How do you treat dyslexia?

Dr Diane Sawyer, who held the Chair of Excellence in Dyslexia Studies at the Tenesse Center for Dyslexia, explains the implications of having dyslexia in this short video:

Diagnosing dyslexia

The purpose of diagnosing dyslexia is to permit the provision of the most effective education.

What are the characteristics of dyslexia? lists key indicators of dyslexia.  However, the International Dyslexia Association (IDA)  states that a person exhibiting a number of indicators against a checklist is not proof of dyslexia and that the only way to verify that an individual is dyslexic is through testing by a qualified examiner or team of professionals. The factsheet, produced by the  International Dyslexia Association (IDA), expends on testing and evaluating dyslexia

In An Introduction to Dyslexia for Parents and Professionals, Hulquist (2006, p. 43) explains that because dyslexia has to do with trouble in reading and spelling there is a difficulty with it being diagnosed before Grade 3 as such difficulties may be due to a developmental delay.  However, there is evidence that early intervention is the key to aiding people with dyslexia to develop the core skill of learning to read.  

To learn more about the process of diagnosing dyslexia  in Australia read Diagnosing dyslexia in Australia or for other countries refer to the information on the IDA website.

Treatment of dyslexia

Students with dyslexia require explicit, direct and systematic instruction in both oral and written language.

The Australian Dyslexia Association (ADA) states that the Orton Gillingham Based Multi Sensory Language (MSL) approaches are the most effective and lists the following as the key points to treating a person with dyslexia:

  • Explicit Instruction Individuals with dyslexia require research-based instruction in all five components of reading:
  1. Phonemic awareness
  2. Phonics (synthetic and analytic)
  3. Fluency
  4. Vocabulary
  5. Comprehension
  • Systematic Instruction has a definite logical sequence of concept introduction, ordered from simple to more complex.
  • Structured, multi sensory delivery of language content is characteristic of effective instruction, read the International Dyslexia Association (IDA) factsheet on MSL Teaching.
  • Flexible: since dyslexia occurs on a continuum a specialised teaching approach is best, rather than a program or method which does not allow flexibility.
  • Diagnostic Teaching: the teacher continually assesses their student's ability to understand and apply learned concepts. If it is discovered that a previously taught concept is confused, it is retaught.
  • Balanced Approach: instruction needs to consider individual strengths and weaknesses based on the processes involved in learning to read.Visual recognition for high frequency words and sight word techniques need to be taught explicitly, with ample exposure and practice in order to strengthen the visual memory for irregular words both for reading and spelling.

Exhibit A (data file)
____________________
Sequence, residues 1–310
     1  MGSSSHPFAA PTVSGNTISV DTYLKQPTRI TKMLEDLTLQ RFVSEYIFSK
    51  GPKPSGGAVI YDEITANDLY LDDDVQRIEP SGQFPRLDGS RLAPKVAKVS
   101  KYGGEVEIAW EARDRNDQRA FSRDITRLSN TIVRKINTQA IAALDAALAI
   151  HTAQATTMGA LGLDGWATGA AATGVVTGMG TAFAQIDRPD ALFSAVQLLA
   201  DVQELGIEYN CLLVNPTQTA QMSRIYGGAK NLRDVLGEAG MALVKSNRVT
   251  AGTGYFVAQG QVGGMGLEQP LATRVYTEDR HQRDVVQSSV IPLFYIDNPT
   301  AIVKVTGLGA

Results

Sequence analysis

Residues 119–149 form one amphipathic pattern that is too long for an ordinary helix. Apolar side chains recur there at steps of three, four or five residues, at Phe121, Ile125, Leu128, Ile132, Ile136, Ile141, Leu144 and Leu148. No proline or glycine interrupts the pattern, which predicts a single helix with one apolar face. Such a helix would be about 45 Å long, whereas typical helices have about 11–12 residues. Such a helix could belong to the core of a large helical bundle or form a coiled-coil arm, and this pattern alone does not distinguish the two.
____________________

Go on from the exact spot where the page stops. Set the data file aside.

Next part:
The ADA also states that students with dyslexia may require instruction of greater intensity and duration than typical and recommend that a student receives instruction from a professional trained in MSL techniques.  

The video below is a short demonstration of the Orton-Gillingham method of reading instruction where students are taught spelling simultaneously with reading. Because each student has a different learning style, all lessons are taught by seeing, saying, moving, hearing and touching the concept being taught.

In the book,  An Introduction to Dyslexia for Parents and Professional, Hultquist states that students with dyslexia need not only remedial work but also "they need teachers to adapt and modify what takes place in the classroom in order to bypass the effects of their reading, writing, and related problems" (2006, p. 12).  There are some suggestions for modifications that teachers can make in the section: What can I do to make my classroom dyslexia-friendly?

Key Points

  • There is no 'cure' for dyslexia.  People with dyslexia have to work with their disability and persist with overcoming their difficulties.  Look at the page Living with Dyslexia for more information.
  • A diagnosis of dyslexia can aid the delivery of the most effective education  for the person with dyslexia. 
  • To verify that an individual is dyslexic they must be assessed by a qualified examiner.  The details of the process in Australia can be found on the page Diagnosing dyslexia in Australia and information for other countries can be found on the  International Dyslexia Association (IDA) website.
  • The use of an explicit and systematic instruction of all the components of reading and writing can help a person with dyslexia learn to read.
  • Using a multi-sensory approach to learning can aid a person with dyslexia to decode language, details of this method can be found on the factsheet MSL Teaching.